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How to repair garage wall leakage and concrete?

This topic contains 11 replies, has 6 voices, and was last updated by  Miamicuse 3 weeks, 3 days ago.

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  • #732519

    Hi pros: I have a problem for my garage. Please see photo and best way of how to repair it. Thanks a lot in advance.

    #732528

    DirtyWhiteBoy
    Pro
    Honolulu,, Hi.

    So pics and more info would help.

    Dirty

    A Working Pro since 1988!

    Member since January 26, 2013.

    #732533

    Seven-Delta-FortyOne
    Pro
    The Emerald Triangle, Northern California

    Where are you located?

    How old is the house?

    How long has it been like that?

    Is that stucco?

    What happened?

    What are the black marks?

    What is your level of commitment to doing this correctly, as in, do you just want to patch it up and sell it or flip it, or are you looking for the proper way to do this?

    Goin' Down In Flames........

    #732535

    Hi, I’m located in Canada. This is my garage about 30 years old. It’s been like this for few years. Its stucco. Black mark is mud. Patch it up and stop the water going into the garage. Thank you!

    #732604

    Seven-Delta-FortyOne
    Pro
    The Emerald Triangle, Northern California

    It appears that you have an underlying issue with the framing being the same level with the sidewalk.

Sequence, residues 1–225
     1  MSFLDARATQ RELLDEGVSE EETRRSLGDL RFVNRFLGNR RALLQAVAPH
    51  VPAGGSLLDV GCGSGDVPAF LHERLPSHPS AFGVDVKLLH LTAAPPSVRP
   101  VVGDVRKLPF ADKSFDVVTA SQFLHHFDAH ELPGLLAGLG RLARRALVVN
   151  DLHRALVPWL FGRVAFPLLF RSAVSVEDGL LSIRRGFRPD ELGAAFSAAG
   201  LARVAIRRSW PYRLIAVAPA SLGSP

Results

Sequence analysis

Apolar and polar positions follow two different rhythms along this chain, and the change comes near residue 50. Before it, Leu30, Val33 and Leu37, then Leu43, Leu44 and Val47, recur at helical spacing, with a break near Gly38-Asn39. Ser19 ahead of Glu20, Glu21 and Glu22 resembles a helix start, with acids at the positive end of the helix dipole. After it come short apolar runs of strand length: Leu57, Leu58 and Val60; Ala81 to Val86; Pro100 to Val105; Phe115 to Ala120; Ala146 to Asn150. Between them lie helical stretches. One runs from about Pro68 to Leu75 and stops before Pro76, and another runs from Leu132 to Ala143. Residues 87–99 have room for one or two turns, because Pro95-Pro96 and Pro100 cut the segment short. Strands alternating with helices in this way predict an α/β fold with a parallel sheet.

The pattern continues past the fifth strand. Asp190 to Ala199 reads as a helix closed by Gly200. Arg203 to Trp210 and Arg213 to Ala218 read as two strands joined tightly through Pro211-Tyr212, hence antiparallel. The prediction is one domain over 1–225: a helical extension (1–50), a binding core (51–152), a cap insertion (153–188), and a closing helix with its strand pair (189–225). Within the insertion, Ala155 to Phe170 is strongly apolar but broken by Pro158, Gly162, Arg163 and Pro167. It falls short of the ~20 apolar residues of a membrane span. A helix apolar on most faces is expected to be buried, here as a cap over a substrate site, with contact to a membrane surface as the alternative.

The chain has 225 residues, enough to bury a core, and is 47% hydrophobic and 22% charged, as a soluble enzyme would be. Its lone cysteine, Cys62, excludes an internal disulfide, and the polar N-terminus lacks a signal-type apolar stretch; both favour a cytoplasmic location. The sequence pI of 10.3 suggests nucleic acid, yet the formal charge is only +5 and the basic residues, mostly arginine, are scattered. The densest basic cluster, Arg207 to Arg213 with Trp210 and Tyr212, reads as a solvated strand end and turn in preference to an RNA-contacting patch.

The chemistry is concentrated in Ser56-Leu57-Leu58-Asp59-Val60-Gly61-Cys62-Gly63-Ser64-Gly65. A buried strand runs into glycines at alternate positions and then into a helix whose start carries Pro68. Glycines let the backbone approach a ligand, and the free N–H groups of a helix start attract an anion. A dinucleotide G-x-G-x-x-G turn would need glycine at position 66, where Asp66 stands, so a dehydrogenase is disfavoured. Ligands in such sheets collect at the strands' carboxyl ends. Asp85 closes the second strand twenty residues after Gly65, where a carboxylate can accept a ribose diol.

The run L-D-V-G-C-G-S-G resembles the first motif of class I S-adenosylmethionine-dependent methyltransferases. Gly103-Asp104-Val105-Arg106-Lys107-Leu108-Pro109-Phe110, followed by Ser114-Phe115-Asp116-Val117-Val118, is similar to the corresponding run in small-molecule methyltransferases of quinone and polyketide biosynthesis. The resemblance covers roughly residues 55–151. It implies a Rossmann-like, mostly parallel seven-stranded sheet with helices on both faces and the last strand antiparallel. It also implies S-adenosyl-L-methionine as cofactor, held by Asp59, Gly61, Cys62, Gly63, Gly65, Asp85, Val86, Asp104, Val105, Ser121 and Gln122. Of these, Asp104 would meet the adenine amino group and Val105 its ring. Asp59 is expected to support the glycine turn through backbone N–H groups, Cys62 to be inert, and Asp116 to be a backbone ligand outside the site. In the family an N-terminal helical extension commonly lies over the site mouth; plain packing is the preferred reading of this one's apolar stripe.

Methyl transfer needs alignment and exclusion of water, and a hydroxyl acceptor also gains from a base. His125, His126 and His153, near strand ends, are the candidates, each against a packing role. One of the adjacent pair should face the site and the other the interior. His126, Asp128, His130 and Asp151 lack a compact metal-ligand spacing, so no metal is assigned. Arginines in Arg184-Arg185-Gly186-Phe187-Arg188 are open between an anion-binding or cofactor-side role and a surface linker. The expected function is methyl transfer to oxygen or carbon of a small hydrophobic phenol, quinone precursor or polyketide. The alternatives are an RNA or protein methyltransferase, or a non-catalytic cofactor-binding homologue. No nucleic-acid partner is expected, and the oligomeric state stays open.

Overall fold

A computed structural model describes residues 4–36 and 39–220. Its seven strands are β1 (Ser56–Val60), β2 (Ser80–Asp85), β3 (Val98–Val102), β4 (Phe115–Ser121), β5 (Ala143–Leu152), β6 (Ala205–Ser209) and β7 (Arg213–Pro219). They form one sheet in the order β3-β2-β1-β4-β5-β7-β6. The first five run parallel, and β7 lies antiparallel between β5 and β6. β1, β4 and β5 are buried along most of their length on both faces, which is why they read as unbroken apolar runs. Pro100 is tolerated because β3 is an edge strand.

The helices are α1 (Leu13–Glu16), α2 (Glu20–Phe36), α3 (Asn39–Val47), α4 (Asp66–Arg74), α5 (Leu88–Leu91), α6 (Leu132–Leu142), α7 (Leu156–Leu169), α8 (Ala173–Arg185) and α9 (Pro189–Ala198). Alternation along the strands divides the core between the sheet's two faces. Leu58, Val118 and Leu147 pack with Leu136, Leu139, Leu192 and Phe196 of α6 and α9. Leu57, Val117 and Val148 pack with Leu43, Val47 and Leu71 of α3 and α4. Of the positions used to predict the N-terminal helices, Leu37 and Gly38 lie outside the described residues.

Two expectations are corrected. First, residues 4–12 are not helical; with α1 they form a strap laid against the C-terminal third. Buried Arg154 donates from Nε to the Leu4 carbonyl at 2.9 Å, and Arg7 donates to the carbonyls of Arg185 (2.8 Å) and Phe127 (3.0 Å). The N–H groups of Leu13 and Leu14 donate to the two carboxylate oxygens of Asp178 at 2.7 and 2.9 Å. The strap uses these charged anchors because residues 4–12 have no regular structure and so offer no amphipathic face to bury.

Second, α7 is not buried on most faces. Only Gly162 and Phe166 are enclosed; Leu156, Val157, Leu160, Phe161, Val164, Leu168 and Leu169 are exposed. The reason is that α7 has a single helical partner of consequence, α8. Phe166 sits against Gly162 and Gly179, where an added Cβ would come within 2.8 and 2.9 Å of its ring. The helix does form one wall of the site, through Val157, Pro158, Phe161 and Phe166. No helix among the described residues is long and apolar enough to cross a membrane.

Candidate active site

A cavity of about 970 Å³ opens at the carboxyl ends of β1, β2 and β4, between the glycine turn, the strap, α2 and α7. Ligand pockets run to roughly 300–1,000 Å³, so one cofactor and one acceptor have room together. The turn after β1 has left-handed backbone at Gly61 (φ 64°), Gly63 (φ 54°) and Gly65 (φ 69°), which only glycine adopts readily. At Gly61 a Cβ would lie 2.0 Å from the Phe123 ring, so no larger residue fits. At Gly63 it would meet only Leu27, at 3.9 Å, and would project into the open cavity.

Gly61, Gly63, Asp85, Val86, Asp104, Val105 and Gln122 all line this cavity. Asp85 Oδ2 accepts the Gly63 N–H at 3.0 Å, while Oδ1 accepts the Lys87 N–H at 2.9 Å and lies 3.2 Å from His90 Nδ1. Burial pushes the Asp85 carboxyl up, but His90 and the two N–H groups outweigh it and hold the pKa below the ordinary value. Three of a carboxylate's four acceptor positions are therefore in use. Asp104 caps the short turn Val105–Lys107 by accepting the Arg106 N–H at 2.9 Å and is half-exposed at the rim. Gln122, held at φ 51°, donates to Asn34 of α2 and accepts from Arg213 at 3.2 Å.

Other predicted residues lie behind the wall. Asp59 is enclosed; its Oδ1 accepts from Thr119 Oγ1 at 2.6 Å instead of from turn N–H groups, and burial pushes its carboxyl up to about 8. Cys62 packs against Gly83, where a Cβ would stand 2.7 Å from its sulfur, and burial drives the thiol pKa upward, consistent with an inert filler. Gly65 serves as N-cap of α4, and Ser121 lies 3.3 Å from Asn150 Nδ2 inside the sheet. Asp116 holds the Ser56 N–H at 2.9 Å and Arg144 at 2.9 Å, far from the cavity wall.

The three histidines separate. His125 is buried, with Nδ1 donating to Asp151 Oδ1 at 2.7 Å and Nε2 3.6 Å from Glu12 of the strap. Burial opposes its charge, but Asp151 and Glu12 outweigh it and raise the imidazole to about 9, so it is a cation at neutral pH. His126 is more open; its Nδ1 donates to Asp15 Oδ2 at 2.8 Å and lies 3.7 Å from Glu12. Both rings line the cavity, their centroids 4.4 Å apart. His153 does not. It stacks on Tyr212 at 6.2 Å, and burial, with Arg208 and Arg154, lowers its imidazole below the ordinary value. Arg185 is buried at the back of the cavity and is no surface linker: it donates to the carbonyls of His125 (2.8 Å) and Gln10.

That would be a major code violation in my area.

    It also appears that you have some serious rotting of the framing.

    Are you planning on fixing that?

    I’m sorry, I don’t know your level of construction experience. I assume you are a Diy’er, that is going to try to fix this yourself?

    The proper way to do this, is to remove as much stucco as is necessary to fully ascertain what is going on.

    Then, you’ll need to remove and replace any rotted framing.

    Then, and only then, replace the stucco.

    Wood framing at the same level as an outdoor concrete sidewalk is abad idea, and is a problem waiting to happen.

    Goin' Down In Flames........

    #732607

    DirtyWhiteBoy
    Pro
    Honolulu,, Hi.

    I agree. I’d shore up the garage roof and start to strip it down. Remove all the rot and it would be a good idea to form a curb to bolt the sill plate to. That looks like a mess that just keeps going, good luck.

    Dirty

    A Working Pro since 1988!

    Member since January 26, 2013.

    #732621

    Doobie
    Moderator

    And am I seeing one of those gutter spout extensions laying on the ground along the far back alongside the base of the wall running the water run off along the edge of the structure? If so, you need to divert that away from the structure out towards the back not along the side of the building.

    It appears that you have an underlying issue with the framing being the same level with the sidewalk.

    That would be a major code violation in my area.

    It is here in Canada as well.

    Iā€™d shore up the garage roof and start to strip it down. Remove all the rot and it would be a good idea to form a curb to bolt the sill plate to.

    Exactly. You need a good 8 inches from grade of foundation curb from grade. It’s a big job. Lifting a structure up off it’s perimeter, putting in a proper curb, repair all the rotted wood, dropping it back onto the new curb wall, then re-stucco the walls. Not a DIY job.

    #732624

    kurt@welkerhomes.com
    Pro
    Owatonna, MN - Minnesota

    I agree. Iā€™d shore up the garage roof and start to strip it down. Remove all the rot and it would be a good idea to form a curb to bolt the sill plate to. That looks like a mess that just keeps going, good luck.